Authors wish to thank Center for Medical Research in Wuhan University for the help with the flow cytometric analysis. The present study was supported by the National Program on Key Basic Research Project (973 Program, no. 2010CB529804), the National Natural Science Foundation of China (grant nos. 30971456, 31400155, 81472550, 81274048 and 81273540), and by the Innovation Seed Fund of Wuhan University School of Medicine.

Abbreviations:

Tet

tetrandrine

ROS

reactive oxygen species

NAC

L-N-acetylcysteine

MTT

3-(4,5-dimethylthiazol-2-yl)-2,5-diphenyl tetrazolium bromide

DCFH-DA

2′-7′-dichlorodihydrofluorescein diacetate

PI3K

phosphatidylinositol 3-kinase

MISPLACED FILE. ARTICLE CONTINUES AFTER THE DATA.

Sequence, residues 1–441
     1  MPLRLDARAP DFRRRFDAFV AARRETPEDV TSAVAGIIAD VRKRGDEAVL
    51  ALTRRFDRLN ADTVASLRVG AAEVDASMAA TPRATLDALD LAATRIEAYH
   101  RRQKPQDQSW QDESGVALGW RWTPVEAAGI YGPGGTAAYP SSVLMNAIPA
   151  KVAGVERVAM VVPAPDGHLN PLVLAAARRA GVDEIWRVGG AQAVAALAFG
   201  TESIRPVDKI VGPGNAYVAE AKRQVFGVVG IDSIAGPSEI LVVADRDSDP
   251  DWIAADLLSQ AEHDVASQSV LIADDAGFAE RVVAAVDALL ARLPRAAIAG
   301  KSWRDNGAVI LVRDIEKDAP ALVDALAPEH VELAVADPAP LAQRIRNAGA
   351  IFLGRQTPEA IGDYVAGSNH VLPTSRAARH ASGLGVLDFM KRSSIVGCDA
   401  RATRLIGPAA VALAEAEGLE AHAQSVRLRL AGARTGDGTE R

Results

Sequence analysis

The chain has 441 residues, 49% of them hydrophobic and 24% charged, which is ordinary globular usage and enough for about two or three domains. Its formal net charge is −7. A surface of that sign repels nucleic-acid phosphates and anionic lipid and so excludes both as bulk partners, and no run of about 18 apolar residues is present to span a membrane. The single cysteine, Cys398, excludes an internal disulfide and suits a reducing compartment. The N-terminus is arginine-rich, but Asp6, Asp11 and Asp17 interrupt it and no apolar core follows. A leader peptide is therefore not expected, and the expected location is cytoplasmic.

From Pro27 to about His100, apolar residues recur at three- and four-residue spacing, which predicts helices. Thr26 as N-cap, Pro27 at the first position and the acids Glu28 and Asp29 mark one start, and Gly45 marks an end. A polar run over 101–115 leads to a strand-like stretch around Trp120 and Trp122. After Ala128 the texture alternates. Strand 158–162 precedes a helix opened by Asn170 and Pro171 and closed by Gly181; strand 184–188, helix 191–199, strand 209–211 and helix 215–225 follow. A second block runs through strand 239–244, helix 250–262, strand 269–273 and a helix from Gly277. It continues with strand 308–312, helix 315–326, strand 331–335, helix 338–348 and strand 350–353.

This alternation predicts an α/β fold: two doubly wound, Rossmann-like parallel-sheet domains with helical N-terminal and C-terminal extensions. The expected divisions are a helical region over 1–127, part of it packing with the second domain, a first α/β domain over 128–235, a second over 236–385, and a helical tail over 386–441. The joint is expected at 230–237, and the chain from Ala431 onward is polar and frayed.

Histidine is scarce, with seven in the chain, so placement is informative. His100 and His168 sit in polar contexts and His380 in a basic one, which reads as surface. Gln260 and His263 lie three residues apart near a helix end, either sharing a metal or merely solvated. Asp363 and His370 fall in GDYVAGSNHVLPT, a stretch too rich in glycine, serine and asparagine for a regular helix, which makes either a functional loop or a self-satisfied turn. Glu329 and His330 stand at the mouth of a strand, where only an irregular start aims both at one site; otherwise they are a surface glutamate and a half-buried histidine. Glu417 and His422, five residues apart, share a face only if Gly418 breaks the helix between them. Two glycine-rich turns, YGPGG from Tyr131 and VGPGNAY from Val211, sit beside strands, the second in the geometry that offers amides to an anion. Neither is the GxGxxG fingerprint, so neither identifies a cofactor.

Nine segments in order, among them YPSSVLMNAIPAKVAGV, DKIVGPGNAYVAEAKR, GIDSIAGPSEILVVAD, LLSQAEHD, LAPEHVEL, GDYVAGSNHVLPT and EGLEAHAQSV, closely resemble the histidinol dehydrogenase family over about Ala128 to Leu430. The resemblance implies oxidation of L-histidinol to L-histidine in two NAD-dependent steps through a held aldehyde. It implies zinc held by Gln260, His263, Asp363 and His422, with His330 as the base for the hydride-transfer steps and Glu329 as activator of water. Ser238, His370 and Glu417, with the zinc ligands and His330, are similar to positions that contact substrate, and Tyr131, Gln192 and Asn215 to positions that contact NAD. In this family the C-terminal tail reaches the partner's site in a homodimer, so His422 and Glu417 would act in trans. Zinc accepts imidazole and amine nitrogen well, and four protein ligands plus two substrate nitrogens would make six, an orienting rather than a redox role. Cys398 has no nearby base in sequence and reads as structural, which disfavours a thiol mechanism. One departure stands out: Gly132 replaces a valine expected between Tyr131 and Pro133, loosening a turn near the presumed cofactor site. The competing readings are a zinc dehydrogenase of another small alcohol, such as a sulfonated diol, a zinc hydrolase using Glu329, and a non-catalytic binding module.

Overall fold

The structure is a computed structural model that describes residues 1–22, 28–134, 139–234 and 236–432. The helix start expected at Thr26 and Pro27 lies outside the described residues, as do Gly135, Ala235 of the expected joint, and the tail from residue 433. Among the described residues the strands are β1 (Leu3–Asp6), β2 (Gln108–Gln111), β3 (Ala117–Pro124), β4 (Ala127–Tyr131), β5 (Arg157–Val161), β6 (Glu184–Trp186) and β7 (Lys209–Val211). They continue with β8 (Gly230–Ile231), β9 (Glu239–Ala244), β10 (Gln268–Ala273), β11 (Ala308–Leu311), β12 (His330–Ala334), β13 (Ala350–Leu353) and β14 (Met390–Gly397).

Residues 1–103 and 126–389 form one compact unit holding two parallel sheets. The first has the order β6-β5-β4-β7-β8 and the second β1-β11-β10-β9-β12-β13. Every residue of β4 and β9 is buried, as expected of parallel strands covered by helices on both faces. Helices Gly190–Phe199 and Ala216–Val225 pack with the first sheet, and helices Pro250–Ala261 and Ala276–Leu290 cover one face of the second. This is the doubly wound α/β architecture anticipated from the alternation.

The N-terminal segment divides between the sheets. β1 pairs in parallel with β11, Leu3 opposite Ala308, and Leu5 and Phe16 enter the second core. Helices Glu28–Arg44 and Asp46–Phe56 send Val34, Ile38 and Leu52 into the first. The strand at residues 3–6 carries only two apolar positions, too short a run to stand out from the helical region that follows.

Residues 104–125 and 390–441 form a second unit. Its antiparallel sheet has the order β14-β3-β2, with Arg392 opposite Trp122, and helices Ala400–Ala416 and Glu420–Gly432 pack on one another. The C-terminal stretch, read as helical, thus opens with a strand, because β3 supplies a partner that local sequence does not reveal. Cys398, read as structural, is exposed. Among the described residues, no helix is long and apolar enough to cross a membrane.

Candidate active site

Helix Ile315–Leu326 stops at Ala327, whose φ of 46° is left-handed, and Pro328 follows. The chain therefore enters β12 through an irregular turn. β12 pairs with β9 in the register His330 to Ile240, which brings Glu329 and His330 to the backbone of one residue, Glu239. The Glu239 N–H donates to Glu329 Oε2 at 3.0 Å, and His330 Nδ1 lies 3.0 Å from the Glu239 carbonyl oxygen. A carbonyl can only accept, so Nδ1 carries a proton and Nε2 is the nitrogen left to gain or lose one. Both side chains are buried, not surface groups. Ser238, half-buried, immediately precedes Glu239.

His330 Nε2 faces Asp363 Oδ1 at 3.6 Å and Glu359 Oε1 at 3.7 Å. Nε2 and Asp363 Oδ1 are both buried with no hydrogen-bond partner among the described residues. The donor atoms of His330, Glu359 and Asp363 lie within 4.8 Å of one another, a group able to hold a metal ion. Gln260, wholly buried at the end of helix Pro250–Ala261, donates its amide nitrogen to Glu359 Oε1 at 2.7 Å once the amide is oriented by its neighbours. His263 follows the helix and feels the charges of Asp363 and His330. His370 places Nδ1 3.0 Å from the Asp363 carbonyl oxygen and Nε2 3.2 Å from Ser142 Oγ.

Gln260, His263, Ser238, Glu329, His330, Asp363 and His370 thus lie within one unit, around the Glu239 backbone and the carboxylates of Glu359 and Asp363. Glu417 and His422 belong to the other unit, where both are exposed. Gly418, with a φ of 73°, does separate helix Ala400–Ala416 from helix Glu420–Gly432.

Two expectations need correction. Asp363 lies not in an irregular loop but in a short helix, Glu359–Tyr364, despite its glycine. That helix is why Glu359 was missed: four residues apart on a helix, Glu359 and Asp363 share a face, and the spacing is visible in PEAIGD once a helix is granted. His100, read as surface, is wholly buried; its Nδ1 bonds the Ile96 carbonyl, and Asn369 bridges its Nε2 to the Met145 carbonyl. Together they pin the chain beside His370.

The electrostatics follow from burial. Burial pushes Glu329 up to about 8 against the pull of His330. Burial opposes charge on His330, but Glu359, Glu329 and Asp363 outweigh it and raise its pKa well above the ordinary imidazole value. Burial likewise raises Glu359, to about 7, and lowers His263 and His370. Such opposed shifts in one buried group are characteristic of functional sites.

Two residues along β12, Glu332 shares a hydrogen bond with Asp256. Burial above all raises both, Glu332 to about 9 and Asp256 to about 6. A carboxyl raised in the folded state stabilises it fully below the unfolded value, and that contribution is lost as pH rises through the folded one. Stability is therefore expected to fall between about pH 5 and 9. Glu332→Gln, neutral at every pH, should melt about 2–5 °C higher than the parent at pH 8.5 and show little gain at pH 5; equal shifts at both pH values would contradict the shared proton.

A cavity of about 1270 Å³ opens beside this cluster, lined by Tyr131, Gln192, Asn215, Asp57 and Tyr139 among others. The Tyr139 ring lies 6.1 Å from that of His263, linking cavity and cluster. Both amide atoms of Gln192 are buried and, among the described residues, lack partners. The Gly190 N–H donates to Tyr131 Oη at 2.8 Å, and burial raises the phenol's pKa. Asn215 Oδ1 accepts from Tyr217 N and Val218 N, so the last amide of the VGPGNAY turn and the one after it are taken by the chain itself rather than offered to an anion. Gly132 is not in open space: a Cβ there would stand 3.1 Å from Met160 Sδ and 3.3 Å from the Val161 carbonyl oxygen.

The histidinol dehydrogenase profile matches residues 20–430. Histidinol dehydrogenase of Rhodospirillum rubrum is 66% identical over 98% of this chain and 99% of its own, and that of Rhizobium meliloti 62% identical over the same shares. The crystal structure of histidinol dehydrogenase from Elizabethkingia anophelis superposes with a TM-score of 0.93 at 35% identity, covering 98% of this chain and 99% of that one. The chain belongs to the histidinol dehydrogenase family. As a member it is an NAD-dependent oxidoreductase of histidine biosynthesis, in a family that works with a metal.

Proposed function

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Xiao, W., Jiang, Y., Men, Q., Yuan, L., Huang, Z., Liu, T. ... Liu, X. (2015). Tetrandrine induces G1/S cell cycle arrest through the ROS/Akt pathway in EOMA cells and inhibits angiogenesis in vivo. International Journal of Oncology, 46, 360-368. https://doi.org/10.3892/ijo.2014.2735
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Xiao, W., Jiang, Y., Men, Q., Yuan, L., Huang, Z., Liu, T., Li, W., Liu, X."Tetrandrine induces G1/S cell cycle arrest through the ROS/Akt pathway in EOMA cells and inhibits angiogenesis in vivo". International Journal of Oncology 46.1 (2015): 360-368.
Chicago
Xiao, W., Jiang, Y., Men, Q., Yuan, L., Huang, Z., Liu, T., Li, W., Liu, X."Tetrandrine induces G1/S cell cycle arrest through the ROS/Akt pathway in EOMA cells and inhibits angiogenesis in vivo". International Journal of Oncology 46, no. 1 (2015): 360-368. https://doi.org/10.3892/ijo.2014.2735